Getting your car or truck to look exactly as you intend on it to depends greatly on what color parts manufacturers offer. If you’re going for a replica of the Bigfoot monster truck, orange suspension parts just won’t do. If you’re trying to recreate a touring car that requires yellow wheels when your wheels are white, that won’t do either. Don’t be a prisoner of the lack of options. Create your own!
Dyeing plastic is a fun and an inexpensive way to give your parts a durable and custom finish. Unlike paint, which can wear off, dye penetrates the surfaced of hard use items such as wheels and suspension parts for a much longer lasting effect.
Dyeing plastic is an art that takes trial and error to get just right. Successful dyeing requires light colored plastics; white is the best to start with. Because manufacturers use different materials when making their parts, dye affects surfaces differently. This is why it is important to practice with plastic scraps that are similar to your parts.
• A pot big enough to fit what you are dyeing
• A pair of tongs
• Hot water thermometer
– Rit Dye (liquid or powder)
– Item you wish to dye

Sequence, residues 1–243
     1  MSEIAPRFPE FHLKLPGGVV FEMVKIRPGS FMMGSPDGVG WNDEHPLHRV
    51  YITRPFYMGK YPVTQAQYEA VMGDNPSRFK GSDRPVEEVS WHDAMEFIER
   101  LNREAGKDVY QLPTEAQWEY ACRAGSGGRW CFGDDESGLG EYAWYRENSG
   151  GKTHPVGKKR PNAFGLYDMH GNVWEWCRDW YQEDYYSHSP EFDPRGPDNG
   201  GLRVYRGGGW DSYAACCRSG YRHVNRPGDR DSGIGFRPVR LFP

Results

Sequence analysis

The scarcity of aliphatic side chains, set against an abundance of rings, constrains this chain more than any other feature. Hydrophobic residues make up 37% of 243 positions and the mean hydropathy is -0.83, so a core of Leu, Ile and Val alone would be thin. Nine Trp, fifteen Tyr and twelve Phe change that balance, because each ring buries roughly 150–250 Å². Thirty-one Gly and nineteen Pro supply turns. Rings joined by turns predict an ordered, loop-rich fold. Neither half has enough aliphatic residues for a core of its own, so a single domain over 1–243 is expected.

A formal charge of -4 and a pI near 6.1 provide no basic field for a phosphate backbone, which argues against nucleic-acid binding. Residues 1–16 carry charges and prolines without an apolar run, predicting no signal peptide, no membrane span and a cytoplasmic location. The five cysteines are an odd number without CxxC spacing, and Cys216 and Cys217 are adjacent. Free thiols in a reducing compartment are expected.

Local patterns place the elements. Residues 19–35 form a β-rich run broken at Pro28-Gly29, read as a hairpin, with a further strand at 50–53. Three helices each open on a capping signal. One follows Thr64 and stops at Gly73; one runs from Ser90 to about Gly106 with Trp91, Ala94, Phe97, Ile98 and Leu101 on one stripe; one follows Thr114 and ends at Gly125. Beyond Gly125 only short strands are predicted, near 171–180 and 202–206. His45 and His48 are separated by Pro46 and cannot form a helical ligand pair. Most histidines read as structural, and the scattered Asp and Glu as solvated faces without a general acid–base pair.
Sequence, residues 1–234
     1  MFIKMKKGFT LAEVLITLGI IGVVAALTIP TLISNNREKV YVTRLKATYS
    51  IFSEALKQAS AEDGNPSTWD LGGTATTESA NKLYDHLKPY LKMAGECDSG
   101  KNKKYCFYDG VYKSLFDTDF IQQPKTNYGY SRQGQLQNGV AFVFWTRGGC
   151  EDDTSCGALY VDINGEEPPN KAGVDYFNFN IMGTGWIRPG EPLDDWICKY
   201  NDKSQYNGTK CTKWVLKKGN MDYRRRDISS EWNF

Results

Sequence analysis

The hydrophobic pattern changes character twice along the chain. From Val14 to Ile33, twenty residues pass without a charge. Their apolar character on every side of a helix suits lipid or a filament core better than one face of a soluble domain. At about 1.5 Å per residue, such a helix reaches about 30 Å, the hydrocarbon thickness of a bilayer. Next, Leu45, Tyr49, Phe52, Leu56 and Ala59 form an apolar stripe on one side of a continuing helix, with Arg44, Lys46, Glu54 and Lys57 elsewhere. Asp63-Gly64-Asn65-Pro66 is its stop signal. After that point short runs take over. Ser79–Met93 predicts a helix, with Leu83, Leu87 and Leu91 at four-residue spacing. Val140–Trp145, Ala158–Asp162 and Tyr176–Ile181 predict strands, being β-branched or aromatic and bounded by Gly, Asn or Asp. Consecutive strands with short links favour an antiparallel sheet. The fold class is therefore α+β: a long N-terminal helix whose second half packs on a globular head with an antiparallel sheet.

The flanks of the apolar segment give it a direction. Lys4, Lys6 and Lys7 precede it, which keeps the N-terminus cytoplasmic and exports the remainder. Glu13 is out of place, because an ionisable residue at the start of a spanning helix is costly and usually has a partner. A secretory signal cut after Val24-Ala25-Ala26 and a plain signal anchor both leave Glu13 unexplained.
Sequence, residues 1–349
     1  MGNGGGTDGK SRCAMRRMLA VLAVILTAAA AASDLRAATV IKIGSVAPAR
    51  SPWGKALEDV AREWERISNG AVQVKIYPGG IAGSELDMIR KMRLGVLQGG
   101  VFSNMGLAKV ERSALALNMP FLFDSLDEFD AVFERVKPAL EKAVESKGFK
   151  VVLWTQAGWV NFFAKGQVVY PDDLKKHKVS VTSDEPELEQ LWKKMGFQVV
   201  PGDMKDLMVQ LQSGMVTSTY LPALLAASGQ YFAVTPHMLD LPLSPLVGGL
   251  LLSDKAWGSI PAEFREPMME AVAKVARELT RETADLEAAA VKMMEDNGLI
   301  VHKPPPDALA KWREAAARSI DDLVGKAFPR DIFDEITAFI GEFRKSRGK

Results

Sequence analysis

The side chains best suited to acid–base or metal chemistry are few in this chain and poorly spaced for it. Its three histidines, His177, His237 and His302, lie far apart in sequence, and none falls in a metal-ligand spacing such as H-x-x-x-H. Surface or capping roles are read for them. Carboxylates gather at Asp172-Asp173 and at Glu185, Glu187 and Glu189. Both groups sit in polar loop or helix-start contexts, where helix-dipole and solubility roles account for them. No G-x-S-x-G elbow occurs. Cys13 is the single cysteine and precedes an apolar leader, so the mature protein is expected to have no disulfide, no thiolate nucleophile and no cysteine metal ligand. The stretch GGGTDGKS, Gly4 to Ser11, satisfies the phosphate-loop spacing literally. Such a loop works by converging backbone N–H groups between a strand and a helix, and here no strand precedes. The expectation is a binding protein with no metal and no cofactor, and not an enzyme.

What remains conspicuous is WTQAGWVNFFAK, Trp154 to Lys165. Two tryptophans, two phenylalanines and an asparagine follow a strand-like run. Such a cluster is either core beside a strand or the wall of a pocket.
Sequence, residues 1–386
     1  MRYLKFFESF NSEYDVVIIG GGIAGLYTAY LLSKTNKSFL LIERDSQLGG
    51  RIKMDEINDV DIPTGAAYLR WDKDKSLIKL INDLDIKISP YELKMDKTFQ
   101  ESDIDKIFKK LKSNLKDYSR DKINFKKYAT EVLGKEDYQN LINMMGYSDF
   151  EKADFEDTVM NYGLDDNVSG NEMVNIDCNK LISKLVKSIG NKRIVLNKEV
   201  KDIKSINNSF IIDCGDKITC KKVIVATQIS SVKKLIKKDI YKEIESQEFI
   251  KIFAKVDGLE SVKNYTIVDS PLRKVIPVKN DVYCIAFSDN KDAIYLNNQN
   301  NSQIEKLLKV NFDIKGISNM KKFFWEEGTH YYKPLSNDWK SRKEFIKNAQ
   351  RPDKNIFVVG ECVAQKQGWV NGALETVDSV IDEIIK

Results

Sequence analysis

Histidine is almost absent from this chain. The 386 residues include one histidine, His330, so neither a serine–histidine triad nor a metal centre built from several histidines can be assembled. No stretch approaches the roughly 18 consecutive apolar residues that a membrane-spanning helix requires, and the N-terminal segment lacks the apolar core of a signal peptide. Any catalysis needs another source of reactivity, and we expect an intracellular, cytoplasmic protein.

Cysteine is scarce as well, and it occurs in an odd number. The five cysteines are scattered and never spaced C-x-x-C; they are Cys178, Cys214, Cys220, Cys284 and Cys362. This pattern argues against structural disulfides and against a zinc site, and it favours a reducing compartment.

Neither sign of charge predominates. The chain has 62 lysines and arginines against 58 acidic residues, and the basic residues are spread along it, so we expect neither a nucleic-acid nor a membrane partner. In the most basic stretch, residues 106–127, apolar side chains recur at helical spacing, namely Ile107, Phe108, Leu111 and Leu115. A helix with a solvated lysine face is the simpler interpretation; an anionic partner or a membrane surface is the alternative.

– Heat source, such as a stove
– Paper towel
Boil Water/Dye Mixture
Bring a mixture of half a teaspoon of powdered Rit Dye per cup of water to a boil. We also use liquid Rit Dye, which is is about twice as concentrated so mix your water and dye mixture accordingly. Make sure that there is enough mixture to cover the items that you are dyeing.
Bring the mixture to a temperature between 150 to 175 degrees Fahrenheit. Any hotter isn’t necessary for the dye to take effect and excess heat can damage the item being dyed.
Using a pair of tongs, slowly submerge your item into the heated mixture. Be careful not to splash the mixture as it will burn your skin and stain your cooking surface. Dunk the part in and out of the mixture every minute.
Keep a close eye for color changes and watch for the tone that you are looking to achieve. This might take anywhere from one to twenty minutes, depending on the plastic you are dyeing. Be warned, some materials don’t take dye well and may not get the deep or rich color you seek. This is why practicing with a scrap piece is a good idea.
Once the item becomes the color you want, pull it out and pat it dry with a clean paper towel or cloth. Be careful, the plastic surface will be very hot. Do not handle with your bare hands. Also pay attention not to splash, you’re working with very hot water that can injure or permanently stain surfaces and clothing.
Color matching your parts is a quick and fun do it yourself project to do. Armed with this DIY skill, you are no longer dependent on what color parts the manufacturer produces. Now the only question is what color are you going to dye your parts?
by James York